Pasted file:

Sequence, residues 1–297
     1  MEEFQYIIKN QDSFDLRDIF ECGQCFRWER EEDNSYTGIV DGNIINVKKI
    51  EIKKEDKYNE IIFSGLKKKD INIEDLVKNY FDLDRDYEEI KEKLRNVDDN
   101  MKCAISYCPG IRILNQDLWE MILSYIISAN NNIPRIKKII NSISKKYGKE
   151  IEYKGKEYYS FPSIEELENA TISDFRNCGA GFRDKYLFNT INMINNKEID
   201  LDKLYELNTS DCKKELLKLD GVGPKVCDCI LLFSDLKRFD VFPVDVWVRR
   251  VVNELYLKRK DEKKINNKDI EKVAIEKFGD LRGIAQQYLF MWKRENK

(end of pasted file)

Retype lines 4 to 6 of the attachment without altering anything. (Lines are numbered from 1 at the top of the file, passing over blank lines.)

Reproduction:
   101  MKCAISYCPG IRILNQDLWE MILSYIISAN NNIPRIKKII NSISKKYGKE
   151  IEYKGKEYYS FPSIEELENA TISDFRNCGA GFRDKYLFNT INMINNKEID
   201  LDKLYELNTS DCKKELLKLD GVGPKVCDCI LLFSDLKRFD VFPVDVWVRR